Get a good trim on your hair and a (no varnish) pedicure.

Any tips to add ? 

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7 Replies

  • Posted

    OOops, not sure how those smileys got in there and I don't seem to be able to edit !
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  • Posted

    There's a lot of information on the Pinned Post on the Genitourinary home page.
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    • Posted

      Indeed, and very useful it is. I did take a look there before posting this , which is not meant as a medical resource but as a few ideas borne out of experience about the practicalities of recovering at home.
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  • Posted

    I also did a big shop pre op  and thorough clean.  I was unable to bend down pre op due to severity of uterine prolapse and did organise clothes so as not to bend but had no problems bending after surgery.  I bought ready meals for days when no-one else cooked for me.  I already had a mini fridge and kettle upstairs and kept snacks as well in my room so I could manage food and drinks without going downstairs.  When I started doing the washing again, I used a large supermarket "bag for life" rather than heavier laundry basket and carried the wet washing in several lots to hang up.  When I had a helper I got them to carry things up and down stairs.  Beware if you have a large built in fridge - they are very heavy to open and I couldn't open mine for the first few weeks.  Neither could I open my stiff front door and had to hand keys out of the window to visitors if I was on my own.  Stock up on books, crosswords, DVDs or whatever other hobbies you enjoy.  Once cooking again, pour smaller amounts of water into a pan instead of fiilling all at once and use a slotted spoon to remove pasta etc rather than trying to carry a heavy pan to the sink to drain.  Buy cleaning wipes for a quick clean of bathroom or kitchen.  Lots of these things depend on how much help you have at home!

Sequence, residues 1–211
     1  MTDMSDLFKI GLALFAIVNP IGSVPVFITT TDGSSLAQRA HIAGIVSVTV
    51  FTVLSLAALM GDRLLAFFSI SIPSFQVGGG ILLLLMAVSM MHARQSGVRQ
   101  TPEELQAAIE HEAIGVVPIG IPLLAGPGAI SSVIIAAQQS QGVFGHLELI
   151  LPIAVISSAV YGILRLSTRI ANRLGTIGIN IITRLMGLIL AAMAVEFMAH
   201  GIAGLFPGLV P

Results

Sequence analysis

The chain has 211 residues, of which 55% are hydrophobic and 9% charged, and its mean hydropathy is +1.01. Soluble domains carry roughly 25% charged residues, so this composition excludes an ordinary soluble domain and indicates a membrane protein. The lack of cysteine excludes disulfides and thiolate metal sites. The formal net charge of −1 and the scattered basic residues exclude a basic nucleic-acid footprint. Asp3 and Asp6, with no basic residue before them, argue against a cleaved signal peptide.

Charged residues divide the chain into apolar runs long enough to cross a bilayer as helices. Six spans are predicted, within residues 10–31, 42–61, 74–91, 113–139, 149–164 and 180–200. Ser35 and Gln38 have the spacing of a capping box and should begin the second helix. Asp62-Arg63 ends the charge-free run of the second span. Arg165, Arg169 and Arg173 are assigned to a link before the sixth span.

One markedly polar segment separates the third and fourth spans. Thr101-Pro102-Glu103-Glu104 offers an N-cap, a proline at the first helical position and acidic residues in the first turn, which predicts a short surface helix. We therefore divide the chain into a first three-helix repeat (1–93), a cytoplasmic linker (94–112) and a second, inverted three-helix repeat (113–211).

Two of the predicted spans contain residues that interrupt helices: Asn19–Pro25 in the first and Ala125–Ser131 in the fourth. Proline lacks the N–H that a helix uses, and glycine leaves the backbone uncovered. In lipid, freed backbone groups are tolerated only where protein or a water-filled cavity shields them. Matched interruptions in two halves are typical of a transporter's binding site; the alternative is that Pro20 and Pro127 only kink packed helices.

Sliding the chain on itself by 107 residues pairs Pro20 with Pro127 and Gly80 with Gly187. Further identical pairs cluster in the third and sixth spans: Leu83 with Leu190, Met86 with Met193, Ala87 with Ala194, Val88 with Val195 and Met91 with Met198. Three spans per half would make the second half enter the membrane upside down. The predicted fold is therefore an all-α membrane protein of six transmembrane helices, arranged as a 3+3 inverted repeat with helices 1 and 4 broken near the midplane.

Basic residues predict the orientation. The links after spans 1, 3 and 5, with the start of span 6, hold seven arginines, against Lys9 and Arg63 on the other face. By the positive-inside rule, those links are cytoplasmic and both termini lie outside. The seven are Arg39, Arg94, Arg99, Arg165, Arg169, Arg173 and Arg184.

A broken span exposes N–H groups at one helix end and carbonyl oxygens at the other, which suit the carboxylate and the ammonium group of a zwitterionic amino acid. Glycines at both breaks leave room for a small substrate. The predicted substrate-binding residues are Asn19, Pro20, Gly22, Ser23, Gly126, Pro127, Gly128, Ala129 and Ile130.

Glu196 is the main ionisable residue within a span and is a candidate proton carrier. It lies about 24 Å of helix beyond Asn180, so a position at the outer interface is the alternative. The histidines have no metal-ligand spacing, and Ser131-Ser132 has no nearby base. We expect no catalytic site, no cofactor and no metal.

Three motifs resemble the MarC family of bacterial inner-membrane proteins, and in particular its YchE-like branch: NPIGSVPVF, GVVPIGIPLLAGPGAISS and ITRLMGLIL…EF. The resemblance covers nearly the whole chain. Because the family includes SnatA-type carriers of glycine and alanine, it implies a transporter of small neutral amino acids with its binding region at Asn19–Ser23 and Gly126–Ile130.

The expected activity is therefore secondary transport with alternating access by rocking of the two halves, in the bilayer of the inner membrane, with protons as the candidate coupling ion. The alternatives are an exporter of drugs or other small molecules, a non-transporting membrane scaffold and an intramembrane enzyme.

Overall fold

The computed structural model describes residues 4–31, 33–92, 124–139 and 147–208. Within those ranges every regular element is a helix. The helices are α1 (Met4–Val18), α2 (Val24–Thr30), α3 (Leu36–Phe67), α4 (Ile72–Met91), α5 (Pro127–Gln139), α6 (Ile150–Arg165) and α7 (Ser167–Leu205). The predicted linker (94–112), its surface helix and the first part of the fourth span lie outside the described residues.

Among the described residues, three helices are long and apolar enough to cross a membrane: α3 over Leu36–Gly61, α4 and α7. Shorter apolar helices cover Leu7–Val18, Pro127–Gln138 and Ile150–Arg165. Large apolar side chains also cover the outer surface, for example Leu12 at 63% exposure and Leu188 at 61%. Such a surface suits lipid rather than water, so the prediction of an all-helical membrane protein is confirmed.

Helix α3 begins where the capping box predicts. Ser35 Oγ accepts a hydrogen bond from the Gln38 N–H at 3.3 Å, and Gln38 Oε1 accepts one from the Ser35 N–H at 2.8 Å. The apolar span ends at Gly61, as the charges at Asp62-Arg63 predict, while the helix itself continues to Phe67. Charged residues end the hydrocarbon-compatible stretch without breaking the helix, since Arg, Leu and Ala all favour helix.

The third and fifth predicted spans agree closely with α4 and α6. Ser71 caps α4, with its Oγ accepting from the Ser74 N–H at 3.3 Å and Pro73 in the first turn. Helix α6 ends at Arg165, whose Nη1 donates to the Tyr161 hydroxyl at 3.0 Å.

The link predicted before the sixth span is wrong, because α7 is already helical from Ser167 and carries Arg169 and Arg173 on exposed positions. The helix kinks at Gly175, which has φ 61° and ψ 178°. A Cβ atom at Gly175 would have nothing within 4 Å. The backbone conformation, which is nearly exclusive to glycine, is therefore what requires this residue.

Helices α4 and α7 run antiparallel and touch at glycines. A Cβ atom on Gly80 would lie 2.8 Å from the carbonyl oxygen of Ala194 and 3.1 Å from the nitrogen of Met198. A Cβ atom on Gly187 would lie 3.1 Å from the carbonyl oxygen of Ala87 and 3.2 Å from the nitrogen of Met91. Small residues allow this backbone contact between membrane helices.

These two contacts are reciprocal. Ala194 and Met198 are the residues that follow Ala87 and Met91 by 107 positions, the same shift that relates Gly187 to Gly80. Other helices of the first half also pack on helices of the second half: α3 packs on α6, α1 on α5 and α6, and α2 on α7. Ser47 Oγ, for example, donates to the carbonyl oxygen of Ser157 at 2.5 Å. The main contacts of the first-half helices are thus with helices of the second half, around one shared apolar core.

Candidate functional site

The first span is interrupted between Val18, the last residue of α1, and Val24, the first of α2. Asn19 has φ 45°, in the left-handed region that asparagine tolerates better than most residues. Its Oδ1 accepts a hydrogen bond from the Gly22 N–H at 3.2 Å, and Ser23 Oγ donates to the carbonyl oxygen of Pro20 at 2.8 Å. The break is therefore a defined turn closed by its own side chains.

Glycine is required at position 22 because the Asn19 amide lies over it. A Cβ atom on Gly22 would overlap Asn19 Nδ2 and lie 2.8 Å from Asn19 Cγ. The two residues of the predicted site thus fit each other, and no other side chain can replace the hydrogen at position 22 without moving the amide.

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    • Posted

      Ah, yes - I did a bit of a Spring Clean ( was actually Spring! ) then tried to persuade myself to notice things I could not deal with. 
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  • Posted

    "don't lift, don't bend".... I need to keep telling myself the 'bend' bit of this! I am 12 days post op for a rectocele repair - stitches only, no mesh, and I am resting ok ( so I thought) , but keep forgetting the bending rule! We are having a new kitchen put in starting Monday and yesterday I sat on the sofa just wrapping a few glasses in bubble wrap.... and putting them into a box on the floor.... but the bleeding increased, so I obviously need to stop, and really rest... NO bending ... none... nada.... I will keep your mantra in my head from now on! rolleyes .....